3 Books on Personal Development I am reading in April
A quarter of the year has gone already. I am happy that I have been consistent in reading books so far ( though not so in writing about them). Every month I pick a subject to read about. My focus in April is to read more on mental well-being,finding balance and using spiritual practices in daily lives.
1. Think like a Monk by Jay Shetty
I am half-way through this book and have found it really practical, empowering and inspiring. Jay Shetty is a renowned social media figure. In this book, he has shared his rich experience at ashram as a monk and distilled the learnings for a common man in a simple language focusing on how one can approach life and lift the burden of expectations, negative thoughts and live a calm and purposeful life. The author promises to explore practical ways of bringing monk’s way of thinking and living to improve our focus, our relationships and bring self-discipline in our lives.
One my key learnings so far has been to bring structure in routine to enhance creativity — This goes against the popular opinion that creativity comes from randomness. The author asks readers to engage intentionally in one task at a time and to create specific places in home for work, for devoted single purposes. If there is no structure then we are just aimlessly doing stuff.
There are many more such learnings and take-away. And I look forward to share it with my viewers in coming blogs.
2. Life’s Amazing Secrets: How to find Balance and Purpose in Life by Gaur Gopal Das
I have been listening to Gaur Gopal Das on YouTube for some time now. I find him to be one of the most sought-after monks and life coaches. And so, picking his book was a no-brainer for me. This is his debut book and he shares his experiences and lessons about life into a light-hearted, thought-provoking manner — his trademark of storytelling. From the various reviews I have read about this book, one of the things I find intriguing is Gaur Gopal uses car as an example to explain the concepts of personal life, relationships, work and social life and how to strike a balance among them. I look forward to reading tons of short stories narrated in the book and how he uses the analogy with car to explain the balance in our lives. I also hope to draw a line of similarity in the car model he proposes to Ikigai model.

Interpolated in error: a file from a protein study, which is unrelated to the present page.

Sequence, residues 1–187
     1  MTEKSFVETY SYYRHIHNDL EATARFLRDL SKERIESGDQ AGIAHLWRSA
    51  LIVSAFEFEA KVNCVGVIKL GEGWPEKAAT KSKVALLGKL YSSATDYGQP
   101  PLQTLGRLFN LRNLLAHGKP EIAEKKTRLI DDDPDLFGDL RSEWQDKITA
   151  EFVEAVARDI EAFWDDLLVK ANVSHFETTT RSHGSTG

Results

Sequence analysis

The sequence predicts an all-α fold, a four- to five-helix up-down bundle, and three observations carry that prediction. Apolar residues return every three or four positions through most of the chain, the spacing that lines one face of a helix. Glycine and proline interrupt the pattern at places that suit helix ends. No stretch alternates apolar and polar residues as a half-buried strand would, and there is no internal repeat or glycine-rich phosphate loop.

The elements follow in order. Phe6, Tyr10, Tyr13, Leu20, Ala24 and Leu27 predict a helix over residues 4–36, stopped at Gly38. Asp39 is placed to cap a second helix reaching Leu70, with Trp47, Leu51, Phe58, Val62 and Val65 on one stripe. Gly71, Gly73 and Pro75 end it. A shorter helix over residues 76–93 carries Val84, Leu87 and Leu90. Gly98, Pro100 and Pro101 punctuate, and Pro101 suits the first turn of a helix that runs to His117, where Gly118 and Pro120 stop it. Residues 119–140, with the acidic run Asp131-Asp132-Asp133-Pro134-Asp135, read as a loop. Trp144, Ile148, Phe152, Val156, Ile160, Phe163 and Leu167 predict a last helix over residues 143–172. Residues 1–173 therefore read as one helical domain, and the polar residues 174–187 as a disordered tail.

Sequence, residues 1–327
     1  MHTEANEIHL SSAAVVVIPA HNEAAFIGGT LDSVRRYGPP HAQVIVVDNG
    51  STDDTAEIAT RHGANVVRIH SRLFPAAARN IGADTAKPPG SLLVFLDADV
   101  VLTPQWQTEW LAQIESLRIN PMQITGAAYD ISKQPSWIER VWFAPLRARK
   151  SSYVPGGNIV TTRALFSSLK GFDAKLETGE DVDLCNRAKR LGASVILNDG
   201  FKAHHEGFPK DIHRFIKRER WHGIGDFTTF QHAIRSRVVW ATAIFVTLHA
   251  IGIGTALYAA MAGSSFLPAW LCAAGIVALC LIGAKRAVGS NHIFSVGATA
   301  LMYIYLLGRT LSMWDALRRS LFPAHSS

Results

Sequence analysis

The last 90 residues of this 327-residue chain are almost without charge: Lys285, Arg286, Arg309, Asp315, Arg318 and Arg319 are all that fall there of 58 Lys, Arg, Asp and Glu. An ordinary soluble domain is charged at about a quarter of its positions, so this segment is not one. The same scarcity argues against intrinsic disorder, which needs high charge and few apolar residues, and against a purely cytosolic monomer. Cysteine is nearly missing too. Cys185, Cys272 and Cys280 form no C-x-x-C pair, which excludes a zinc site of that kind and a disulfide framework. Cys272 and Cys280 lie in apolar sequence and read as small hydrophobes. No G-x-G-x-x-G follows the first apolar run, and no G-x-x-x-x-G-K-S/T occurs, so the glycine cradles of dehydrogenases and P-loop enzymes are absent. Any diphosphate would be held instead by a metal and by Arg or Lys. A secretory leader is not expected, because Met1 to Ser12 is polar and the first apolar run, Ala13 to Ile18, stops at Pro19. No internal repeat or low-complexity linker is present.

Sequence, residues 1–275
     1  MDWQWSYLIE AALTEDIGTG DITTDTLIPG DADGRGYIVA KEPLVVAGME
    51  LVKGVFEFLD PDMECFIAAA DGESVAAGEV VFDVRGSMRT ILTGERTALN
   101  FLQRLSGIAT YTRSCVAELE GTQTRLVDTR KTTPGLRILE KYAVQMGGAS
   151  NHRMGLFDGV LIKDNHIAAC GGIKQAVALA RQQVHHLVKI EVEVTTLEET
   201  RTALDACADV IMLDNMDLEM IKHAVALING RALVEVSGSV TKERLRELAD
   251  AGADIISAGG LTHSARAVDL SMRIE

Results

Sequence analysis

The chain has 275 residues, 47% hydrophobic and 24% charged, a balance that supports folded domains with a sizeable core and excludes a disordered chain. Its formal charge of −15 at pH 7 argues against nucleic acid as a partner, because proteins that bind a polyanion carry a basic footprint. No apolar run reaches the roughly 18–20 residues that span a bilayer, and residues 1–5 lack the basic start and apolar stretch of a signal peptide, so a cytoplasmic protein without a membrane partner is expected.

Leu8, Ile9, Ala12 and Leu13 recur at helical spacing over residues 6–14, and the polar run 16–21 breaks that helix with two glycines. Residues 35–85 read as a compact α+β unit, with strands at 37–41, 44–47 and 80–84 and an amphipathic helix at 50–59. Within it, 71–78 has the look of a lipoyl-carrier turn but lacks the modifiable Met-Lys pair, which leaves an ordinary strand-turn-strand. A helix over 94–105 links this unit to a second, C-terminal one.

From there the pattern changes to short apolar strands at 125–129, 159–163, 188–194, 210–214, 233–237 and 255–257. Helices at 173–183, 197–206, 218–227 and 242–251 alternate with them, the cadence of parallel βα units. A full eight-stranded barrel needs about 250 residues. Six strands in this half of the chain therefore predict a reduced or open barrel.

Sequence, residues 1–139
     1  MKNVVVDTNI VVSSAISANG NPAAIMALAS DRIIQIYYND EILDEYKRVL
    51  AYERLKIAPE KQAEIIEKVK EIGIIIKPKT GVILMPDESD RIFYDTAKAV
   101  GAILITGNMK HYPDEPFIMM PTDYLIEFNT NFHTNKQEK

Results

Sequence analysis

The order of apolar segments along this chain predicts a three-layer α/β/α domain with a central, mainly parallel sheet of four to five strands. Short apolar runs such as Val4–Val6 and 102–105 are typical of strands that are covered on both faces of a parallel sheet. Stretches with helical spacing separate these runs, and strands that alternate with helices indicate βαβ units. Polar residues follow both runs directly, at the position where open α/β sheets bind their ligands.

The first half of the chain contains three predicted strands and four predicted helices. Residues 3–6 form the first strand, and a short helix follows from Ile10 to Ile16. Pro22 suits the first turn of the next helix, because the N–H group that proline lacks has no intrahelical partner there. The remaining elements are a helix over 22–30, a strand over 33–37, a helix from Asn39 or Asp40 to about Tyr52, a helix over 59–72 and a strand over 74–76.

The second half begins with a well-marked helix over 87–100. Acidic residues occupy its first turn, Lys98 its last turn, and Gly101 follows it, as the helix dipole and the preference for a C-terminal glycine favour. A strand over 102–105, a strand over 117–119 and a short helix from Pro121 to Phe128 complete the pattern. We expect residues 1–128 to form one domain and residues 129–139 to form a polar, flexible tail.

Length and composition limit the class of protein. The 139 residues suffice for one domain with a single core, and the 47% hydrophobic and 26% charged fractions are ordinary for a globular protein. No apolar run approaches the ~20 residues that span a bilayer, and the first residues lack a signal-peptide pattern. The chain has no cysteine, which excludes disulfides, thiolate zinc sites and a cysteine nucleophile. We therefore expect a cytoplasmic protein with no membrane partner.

3. The Daily Stoic by Ryan Holiday and Stephen Hanselman
Having read Meditations by Marcus Aurelius, I wanted to read more on Stoicism. One of my friend has recommended this book to me. The Daily Stoic is a page-a-day guide to living a good life (Ideally, this book is meant to be read all over the year — one page at a time, but I intend to do a quick read). It offers inspirational daily doses of classic wisdom. Each page features a powerful quotation, historical anecdotes from the likes of Emperor Marcus Aurelius, the playwright Seneca, or philosopher Epictetus, coupled with commentary to help one tackle problem, approach a goal and find the serenity, self-knowledge and resilience needed to live well. I am fond of quote collections as well and thus this book seems to be offer me both — Stoic wisdom and some powerful quotations for my collection!
What is next after reading these books?
As many of you may agree, it is easy to read a theory on self-help but what next? I agree it is much easier to read and requires self-discipline to put the learnings in practice which is tough and never-ending. My purpose of reading these books are
- To reiterate to mind of this wisdom which I tend to forget while living the so called ‘busy-life’
- To indulge in an honest evaluation of my life, my choices and way of living from time to time
- To identify projects and practices for my personal development
What do you do after reading such books? Any other book recommendations on this subject? Would love to know your thoughts.